Typhoid bacteria increasingly resistant to key drugs, says Lancet study, flags ‘India risk’

New Delhi: Bacteria that cause typhoid fever are becoming increasingly resistant to some of the most commonly used antibiotics, according to a. study published in The lancet microbe news Wednesday.

Such strains, which showed some degree of drug resistance, have become increasingly common in countries like India over the past 30 years, the study by an international team of researchers, including those from Stanford University in the US, found.

Typhoid fever, which spreads through contaminated water or food, causes 11 million infections (110 lakh) and over 100,000 deaths per year, with South Asia accounting for 70 percent of the global burden of disease. While antibiotics can be used to successfully treat typhoid fever infections, their effectiveness is threatened by the emergence of resistant strains of the bacteria, Salmonella typhi (s† typhi).

The researchers performed whole genome sequencing at 3,489 s† Typhi samples collected from typhoid patients in India, Bangladesh, Nepal and Pakistan between 2014 and 2019. They also analyzed sequence data from 4,169 additional samples from s† Typhi was isolated from more than 70 countries between 1905 and 2018.

They found that drug-resistant strains — almost all of them native to South Asia — have spread to other countries in nearly 200 cases since 1990.

“The rate at which highly resistant strains of s† Typhi that has emerged and spread in recent years is a real cause for concern and emphasizes the need to urgently expand prevention measures, especially in countries with the highest risk,” said Jason Andrews, a researcher at the United Nations. Stanford University and the study’s lead author, in a statement.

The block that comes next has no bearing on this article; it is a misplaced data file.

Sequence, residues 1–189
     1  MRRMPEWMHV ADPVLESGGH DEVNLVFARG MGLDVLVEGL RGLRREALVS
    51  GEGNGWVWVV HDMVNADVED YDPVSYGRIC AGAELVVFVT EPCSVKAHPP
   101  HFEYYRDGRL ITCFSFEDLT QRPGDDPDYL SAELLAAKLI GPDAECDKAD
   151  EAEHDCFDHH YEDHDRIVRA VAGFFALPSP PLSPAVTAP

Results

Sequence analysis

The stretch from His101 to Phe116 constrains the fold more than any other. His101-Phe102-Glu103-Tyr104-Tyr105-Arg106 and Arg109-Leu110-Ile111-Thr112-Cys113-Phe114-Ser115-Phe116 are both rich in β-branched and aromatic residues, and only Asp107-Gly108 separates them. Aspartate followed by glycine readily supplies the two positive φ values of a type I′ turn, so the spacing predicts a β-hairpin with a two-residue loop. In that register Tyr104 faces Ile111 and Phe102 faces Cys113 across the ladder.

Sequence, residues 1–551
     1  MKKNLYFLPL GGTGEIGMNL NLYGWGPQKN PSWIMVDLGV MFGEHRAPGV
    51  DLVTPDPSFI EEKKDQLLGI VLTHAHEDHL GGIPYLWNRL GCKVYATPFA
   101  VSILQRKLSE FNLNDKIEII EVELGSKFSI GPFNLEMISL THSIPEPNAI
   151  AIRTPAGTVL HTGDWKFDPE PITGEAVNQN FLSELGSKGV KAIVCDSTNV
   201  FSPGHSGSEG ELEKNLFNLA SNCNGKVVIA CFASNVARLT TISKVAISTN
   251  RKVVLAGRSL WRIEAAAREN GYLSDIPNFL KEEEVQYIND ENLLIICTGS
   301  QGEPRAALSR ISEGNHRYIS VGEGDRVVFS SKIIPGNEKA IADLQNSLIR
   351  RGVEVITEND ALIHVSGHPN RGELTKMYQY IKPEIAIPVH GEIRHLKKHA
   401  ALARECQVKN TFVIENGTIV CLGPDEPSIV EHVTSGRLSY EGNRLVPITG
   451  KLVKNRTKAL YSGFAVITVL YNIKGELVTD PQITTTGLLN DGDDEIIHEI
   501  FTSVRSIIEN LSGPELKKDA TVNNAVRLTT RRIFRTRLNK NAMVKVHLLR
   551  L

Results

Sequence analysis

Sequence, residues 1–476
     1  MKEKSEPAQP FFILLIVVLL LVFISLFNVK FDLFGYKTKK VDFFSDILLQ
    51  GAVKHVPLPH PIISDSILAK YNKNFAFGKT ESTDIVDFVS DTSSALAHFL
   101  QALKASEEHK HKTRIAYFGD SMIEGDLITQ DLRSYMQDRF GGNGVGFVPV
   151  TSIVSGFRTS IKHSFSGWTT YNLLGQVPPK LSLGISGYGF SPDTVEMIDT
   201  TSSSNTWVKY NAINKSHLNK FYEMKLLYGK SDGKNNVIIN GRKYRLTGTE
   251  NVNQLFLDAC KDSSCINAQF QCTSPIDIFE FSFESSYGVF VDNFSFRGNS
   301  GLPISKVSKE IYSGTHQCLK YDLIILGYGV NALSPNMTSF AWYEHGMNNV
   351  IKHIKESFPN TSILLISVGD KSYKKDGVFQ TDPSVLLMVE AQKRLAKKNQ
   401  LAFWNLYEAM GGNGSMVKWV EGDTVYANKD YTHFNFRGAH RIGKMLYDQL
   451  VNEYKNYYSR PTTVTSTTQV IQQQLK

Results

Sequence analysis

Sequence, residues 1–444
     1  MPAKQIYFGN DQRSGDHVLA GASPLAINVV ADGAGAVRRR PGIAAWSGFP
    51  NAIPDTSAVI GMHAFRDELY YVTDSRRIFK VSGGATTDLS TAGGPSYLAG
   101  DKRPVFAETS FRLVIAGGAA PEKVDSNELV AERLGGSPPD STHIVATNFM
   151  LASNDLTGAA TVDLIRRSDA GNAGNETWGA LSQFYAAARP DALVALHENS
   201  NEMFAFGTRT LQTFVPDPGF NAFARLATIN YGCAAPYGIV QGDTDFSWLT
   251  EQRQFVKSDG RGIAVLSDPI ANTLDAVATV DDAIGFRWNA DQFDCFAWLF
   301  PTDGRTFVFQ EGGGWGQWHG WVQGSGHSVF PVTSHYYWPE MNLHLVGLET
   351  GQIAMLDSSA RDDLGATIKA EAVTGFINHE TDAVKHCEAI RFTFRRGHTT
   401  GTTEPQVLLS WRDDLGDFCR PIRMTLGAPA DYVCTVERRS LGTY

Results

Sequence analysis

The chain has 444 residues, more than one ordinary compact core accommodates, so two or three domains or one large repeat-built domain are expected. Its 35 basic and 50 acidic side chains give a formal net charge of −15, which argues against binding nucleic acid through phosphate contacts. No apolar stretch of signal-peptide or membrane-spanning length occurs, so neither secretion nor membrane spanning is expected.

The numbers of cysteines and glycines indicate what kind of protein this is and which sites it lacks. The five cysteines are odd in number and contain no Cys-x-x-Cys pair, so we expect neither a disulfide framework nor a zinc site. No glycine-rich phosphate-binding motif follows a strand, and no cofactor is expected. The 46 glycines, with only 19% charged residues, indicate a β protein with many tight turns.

“At the same time, the fact that resistant strains of s† Typhi that has so often spread internationally also underscores the need to see typhoid control and antibiotic resistance more broadly as a global rather than a local problem,” he added.


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Multi-resistant strains

Researchers identified as many as 7,658 samples with genetic variations that conferred drug resistance s† Typhi bacteria.

The strains were classified as multidrug resistant (MDR) if they were found to contain genes that rendered them resistant to multiple antibiotics such as ampicillin, chloramphenicol and trimethoprim/sulfamethoxazole.

Mutations that made bacteria resistant to azithromycin — a commonly used antibiotic — were found at least seven times in the past 20 years, according to the study.

In addition, the researchers were able to identify genes in s† Typhi samples that make bacteria resistant to macrolides and quinolones, which are among the most common critically important antimicrobials.

The study showed that drug-resistant s† Typhi strains have spread between countries in at least 197 cases since 1990.

While most of these strains were found in South and Southeast Asia and East and South Africa, some have also been reported from the UK, US and Canada.

Since 2000, multi-resistant strains of s† Typhi has steadily declined in Bangladesh and India.

However, these are now being replaced by strains that are resistant to other antibiotics.

For example, gene mutations that make strains resistant to quinolones — a large group of antibiotics that directly kill bacterial cells — have spread at least 94 times since 1990, with nearly 97 percent of these strains being traced to South Asia. Quinolone-resistant strains accounted for more than 85 percent of the S. Typhi samples found in Bangladesh by the early 2000s. In 2010, these strains accounted for more than 95 percent of isolated samples in India, Pakistan and Nepal.

(Edited by Amrtansh Arora)


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